Structure and Function of the Skin
The skin1 is one of the largest organs in the body in surface area and weight. The skin consists of two layers: the epidermis and the dermis. Beneath the dermis lies the hypodermis or subcutaneous fatty tissue. The skin has three main functions: protection, regulation and sensation. Wounding affects all the functions of the skin.
The skin is an organ of protection. The primary function of the skin is to act as a barrier. The skin provides protection from: mechanical impacts and pressure, variations in temperature, micro-organisms, radiation and chemicals.
The skin is an organ of regulation. The skin regulates several aspects of physiology, including: body temperature via sweat and hair, and changes in peripheral circulation and fluid balance via sweat. It also acts as a reservoir for the synthesis of Vitamin D.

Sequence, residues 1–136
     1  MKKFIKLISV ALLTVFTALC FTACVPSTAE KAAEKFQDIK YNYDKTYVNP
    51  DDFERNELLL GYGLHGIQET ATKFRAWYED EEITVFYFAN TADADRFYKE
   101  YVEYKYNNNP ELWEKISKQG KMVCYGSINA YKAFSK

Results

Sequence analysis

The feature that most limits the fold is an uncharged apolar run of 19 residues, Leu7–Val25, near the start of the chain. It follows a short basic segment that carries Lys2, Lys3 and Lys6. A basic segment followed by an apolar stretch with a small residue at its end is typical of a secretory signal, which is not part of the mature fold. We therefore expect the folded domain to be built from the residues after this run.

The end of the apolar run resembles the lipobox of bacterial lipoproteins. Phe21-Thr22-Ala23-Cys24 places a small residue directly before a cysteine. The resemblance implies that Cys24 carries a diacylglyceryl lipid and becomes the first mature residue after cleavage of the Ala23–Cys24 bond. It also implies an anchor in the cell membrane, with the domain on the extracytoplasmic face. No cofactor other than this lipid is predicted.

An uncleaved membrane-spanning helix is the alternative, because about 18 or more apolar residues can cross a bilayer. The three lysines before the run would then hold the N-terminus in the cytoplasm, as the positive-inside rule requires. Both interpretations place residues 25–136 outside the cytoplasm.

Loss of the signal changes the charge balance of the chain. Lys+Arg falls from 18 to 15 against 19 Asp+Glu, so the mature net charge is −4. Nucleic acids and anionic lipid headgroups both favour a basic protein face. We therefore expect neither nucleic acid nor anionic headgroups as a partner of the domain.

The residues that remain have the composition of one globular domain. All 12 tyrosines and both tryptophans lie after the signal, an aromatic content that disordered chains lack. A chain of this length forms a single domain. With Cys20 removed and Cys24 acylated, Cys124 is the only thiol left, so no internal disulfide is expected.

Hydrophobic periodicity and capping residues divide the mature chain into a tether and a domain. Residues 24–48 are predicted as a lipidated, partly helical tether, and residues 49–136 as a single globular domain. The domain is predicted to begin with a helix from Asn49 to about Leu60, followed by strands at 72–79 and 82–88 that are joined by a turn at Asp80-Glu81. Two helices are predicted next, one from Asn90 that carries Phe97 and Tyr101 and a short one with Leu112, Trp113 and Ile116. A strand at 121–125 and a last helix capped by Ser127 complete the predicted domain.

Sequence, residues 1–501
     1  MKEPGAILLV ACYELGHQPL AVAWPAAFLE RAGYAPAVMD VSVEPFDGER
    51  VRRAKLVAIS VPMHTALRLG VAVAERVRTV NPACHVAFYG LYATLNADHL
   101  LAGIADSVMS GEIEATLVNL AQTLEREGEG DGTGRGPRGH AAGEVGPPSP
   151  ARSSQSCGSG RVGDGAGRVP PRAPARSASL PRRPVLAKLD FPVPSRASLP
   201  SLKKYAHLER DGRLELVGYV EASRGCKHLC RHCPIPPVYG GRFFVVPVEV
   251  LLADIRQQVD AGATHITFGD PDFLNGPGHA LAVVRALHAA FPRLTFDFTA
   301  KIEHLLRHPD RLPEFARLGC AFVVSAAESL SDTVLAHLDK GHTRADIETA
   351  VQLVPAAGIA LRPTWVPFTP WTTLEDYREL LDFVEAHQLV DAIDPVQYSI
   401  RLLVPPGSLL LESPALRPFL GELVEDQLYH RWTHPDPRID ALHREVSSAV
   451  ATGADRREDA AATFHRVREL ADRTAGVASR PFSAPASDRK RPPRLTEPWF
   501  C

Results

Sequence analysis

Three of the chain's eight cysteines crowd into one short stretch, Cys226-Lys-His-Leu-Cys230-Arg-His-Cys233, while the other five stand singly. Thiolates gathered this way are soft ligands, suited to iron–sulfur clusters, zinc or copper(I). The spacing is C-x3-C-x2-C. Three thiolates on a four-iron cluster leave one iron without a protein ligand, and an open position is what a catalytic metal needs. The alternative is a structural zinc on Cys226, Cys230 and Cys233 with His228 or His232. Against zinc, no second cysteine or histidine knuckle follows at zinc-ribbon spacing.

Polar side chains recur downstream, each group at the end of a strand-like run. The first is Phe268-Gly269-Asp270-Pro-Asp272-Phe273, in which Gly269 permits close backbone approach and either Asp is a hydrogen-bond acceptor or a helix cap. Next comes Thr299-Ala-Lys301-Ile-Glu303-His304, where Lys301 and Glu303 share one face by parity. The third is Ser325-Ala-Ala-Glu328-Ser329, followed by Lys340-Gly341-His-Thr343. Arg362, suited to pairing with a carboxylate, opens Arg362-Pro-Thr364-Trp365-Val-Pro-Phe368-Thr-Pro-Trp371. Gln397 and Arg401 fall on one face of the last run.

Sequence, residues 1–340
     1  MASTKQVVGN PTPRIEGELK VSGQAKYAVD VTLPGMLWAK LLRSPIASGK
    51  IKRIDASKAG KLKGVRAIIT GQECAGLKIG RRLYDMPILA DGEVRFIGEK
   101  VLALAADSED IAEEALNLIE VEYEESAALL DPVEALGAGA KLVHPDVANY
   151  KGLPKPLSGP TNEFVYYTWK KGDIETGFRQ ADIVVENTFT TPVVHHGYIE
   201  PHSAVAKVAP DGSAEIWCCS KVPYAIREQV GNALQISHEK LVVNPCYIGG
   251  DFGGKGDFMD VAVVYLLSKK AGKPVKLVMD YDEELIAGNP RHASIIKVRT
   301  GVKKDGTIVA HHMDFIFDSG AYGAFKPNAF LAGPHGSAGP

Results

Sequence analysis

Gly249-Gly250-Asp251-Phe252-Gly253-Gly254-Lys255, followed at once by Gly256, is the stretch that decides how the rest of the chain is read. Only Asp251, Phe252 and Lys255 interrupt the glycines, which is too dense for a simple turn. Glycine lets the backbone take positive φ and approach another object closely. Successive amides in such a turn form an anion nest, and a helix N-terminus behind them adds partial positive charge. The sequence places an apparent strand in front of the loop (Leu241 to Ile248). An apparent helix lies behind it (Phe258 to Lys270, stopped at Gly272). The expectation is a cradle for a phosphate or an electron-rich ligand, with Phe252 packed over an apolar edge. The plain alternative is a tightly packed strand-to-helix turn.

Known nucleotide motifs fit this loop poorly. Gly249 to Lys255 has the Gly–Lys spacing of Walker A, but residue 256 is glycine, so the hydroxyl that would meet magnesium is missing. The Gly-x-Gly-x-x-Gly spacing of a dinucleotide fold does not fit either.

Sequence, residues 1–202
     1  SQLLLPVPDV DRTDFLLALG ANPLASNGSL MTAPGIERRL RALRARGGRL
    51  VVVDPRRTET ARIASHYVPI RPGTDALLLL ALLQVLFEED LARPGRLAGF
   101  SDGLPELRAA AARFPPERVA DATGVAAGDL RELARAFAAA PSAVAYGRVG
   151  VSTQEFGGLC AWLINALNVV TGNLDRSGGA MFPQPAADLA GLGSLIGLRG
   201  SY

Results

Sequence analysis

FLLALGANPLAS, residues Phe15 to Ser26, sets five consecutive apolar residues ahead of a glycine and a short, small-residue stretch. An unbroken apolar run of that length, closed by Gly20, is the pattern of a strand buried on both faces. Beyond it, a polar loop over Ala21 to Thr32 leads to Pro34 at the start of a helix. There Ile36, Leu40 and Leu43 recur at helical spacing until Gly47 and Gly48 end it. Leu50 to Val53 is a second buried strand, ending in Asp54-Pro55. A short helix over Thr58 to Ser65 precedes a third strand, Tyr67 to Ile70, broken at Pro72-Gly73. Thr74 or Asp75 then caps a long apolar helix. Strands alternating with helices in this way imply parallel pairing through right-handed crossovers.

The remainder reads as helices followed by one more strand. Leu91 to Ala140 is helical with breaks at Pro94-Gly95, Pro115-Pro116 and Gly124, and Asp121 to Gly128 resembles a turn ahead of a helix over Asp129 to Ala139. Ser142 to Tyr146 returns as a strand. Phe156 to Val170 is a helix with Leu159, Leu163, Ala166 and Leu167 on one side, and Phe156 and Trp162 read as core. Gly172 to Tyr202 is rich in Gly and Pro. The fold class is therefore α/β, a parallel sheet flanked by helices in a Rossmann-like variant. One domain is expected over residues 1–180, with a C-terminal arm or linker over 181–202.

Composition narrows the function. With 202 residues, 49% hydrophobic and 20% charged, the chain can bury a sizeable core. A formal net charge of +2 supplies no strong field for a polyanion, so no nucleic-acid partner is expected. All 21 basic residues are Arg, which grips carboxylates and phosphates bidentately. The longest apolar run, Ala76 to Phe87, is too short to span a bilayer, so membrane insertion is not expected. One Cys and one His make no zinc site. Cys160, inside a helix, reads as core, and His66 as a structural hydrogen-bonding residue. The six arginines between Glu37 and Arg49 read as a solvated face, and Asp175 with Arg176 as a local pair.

The skin is an organ of sensation. The skin contains an extensive network of nerve cells that detect and relay changes in the environment. There are separate receptors for heat, cold, touch, and pain. Damage to these nerve cells is known as neuropathy, which results in a loss of sensation in the affected areas. Patients with neuropathy may not feel pain when they suffer injury, increasing the risk of severe wounding or the worsening of an existing wound.
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1 Tortora GJ. and Grabowski SR. (1993) Principles of Anatomy and Physiology. HarperCollins College Publishers.
Caveat: The information given is a guide only and should not replace clinical judgement.